15. The high voltage battery module of claim 13 wherein the sodium silicate is present in an amount from about 30 to 35 weight percent of the total weight of the intumescent layer, the pentaerythitol is present in an amount from about 5 to 10 weight percent of the total weight of the intumescent layer, the condensation polymer that is cross-linked by melamine—is present in an amount from about 30 to 40 weight percent of the total weight of the intumescent layer, the boron nitride is present in an amount from about 5 to 20 weight percent of the total weight of the intumescent layer, and triammonium phosphate is present in an amount from about 0.5 to 1 weight percent of the total weight of the intumescent layer.

16. The high voltage battery module of claim 13 wherein the intumescent layer further includes a filler.

17. The high voltage battery module of claim 13 wherein the cooling fin assemblies are encapsulated by the intumescent layer.

18. The high voltage battery module of claim 13 wherein the resin that is cross-linked by melamine is a polyester resin.

19. The high voltage battery module of claim 11 wherein the resin that is cross-linked by melamine is an alkyd resin.

20. An intumescent coating composition comprising:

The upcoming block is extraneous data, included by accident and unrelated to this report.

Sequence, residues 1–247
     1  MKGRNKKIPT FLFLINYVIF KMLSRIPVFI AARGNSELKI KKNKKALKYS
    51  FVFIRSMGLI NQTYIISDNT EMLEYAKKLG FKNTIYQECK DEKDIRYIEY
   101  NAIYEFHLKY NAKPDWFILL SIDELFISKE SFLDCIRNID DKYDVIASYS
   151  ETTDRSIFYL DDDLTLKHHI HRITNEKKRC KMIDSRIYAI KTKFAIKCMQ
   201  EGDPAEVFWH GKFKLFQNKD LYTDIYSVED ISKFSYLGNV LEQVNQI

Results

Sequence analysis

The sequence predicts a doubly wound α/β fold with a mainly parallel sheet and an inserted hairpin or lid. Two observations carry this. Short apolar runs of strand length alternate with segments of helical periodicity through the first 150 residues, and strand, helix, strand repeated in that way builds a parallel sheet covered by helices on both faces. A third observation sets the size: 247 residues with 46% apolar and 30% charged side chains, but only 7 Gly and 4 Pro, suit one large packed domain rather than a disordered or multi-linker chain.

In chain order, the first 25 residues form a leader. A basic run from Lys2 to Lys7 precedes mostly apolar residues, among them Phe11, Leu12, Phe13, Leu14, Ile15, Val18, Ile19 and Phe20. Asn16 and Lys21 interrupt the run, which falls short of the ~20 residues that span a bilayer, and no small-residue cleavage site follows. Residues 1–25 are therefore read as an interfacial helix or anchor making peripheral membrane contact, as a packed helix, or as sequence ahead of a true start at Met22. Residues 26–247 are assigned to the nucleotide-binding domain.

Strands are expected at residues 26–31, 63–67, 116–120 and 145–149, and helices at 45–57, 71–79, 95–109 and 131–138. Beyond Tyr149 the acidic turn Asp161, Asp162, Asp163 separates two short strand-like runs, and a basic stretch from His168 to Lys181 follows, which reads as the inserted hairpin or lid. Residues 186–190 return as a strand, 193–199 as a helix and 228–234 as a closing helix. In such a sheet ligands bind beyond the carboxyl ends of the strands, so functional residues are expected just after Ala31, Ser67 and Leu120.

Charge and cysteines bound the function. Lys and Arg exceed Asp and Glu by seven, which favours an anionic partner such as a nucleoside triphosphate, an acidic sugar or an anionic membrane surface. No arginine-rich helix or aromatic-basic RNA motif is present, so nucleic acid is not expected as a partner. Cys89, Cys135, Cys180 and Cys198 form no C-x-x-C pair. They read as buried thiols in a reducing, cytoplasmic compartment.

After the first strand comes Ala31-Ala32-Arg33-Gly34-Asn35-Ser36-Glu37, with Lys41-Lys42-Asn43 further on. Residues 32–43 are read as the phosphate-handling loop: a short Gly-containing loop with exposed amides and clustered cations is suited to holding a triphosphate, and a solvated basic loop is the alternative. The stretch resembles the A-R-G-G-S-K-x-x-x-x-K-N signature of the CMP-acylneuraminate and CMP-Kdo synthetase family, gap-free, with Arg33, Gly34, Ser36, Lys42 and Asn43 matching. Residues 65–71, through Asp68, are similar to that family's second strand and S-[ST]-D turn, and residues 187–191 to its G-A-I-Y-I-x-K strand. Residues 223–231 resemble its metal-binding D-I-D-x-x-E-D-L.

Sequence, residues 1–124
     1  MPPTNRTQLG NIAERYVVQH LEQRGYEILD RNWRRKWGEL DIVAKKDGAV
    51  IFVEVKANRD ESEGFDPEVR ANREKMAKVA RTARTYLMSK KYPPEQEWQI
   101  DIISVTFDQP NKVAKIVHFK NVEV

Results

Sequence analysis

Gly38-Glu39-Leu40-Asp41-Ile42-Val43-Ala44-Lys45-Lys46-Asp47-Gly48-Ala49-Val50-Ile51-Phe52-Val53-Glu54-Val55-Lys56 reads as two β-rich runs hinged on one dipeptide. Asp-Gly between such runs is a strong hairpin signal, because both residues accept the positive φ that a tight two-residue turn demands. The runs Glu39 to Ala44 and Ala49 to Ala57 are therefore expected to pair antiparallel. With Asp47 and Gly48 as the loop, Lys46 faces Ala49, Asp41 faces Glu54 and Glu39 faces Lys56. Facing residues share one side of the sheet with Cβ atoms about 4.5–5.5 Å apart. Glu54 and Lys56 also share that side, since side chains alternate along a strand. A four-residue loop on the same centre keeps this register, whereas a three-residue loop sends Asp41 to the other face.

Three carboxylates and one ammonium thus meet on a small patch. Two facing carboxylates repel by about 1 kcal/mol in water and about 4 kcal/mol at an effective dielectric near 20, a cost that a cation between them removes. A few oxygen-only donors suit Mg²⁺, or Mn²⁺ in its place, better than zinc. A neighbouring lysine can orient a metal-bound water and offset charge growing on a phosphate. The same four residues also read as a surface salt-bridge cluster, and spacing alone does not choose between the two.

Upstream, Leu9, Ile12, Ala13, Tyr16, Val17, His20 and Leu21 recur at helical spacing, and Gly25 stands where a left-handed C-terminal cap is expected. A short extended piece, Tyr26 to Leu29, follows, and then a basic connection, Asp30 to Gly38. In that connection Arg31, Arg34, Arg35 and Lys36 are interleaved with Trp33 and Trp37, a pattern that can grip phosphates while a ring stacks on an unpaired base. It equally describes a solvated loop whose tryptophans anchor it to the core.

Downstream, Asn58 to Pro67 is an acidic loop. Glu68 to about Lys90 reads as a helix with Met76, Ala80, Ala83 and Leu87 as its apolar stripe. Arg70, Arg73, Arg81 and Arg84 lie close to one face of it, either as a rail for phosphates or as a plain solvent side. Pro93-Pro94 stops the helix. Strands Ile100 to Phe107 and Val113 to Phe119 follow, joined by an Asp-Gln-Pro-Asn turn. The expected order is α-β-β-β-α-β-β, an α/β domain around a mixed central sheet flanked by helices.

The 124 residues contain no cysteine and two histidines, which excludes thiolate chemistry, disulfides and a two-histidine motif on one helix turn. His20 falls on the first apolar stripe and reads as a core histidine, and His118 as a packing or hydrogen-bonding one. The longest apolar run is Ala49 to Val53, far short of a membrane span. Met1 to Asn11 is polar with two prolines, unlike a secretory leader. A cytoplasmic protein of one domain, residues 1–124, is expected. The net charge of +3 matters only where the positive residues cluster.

sodium silicate having formula Na2SiO3;
pentaerythitol;
a condensation polymer that is cross-linked by melamine;
boron nitride particles; and
triammonium phosphate.

21. The intumescent coating composition of claim 21 wherein the sodium silicate is present in an amount from about 25 to 50 weight percent of the total weight of the intumescent layer, the pentaerythitol is present in an amount from about 2 to 20 weight percent of the total weight of the intumescent layer, the resin cross-linked by melamine is present in an amount from about 20 to 60 weight percent of the total weight of the intumescent layer, the boron nitride is present in an amount from about 2 to 30 percent, and triammonium phosphate is present in an amount from about 0.1 to 3 percent of the total weight of the intumescent layer.

Patent History
Publication number: 20160336627
Type: Application
Filed: May 12, 2015
Publication Date: Nov 17, 2016
Inventors: Sami A. SYED (Windsor), Herman K. PHLEGM (West Bloomfield, MI), Mahmoud H. ABD ELHAMID (Troy, MI), Edgar P. CALDERON (Sterling Heights, MI)
Application Number: 14/710,192
Classifications
International Classification: H01M 10/6551 (20060101); C09D 5/18 (20060101); H01M 10/613 (20060101); H01M 10/653 (20060101); H01M 2/10 (20060101); H01M 6/50 (20060101);